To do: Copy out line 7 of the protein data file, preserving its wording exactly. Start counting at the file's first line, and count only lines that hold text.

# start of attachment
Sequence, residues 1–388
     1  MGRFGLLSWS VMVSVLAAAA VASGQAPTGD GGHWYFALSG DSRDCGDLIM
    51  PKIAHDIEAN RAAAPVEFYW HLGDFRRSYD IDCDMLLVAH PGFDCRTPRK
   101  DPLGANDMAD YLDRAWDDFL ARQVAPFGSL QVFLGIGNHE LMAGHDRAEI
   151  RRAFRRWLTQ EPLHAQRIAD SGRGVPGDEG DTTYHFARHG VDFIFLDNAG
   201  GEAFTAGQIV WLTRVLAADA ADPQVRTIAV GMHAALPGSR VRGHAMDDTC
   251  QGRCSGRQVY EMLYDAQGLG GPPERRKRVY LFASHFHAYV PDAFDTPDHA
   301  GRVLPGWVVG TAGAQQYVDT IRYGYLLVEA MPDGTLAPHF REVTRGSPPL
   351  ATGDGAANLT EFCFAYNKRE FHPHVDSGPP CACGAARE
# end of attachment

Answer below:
   251  QGRCSGRQVY EMLYDAQGLG GPPERRKRVY LFASHFHAYV PDAFDTPDHA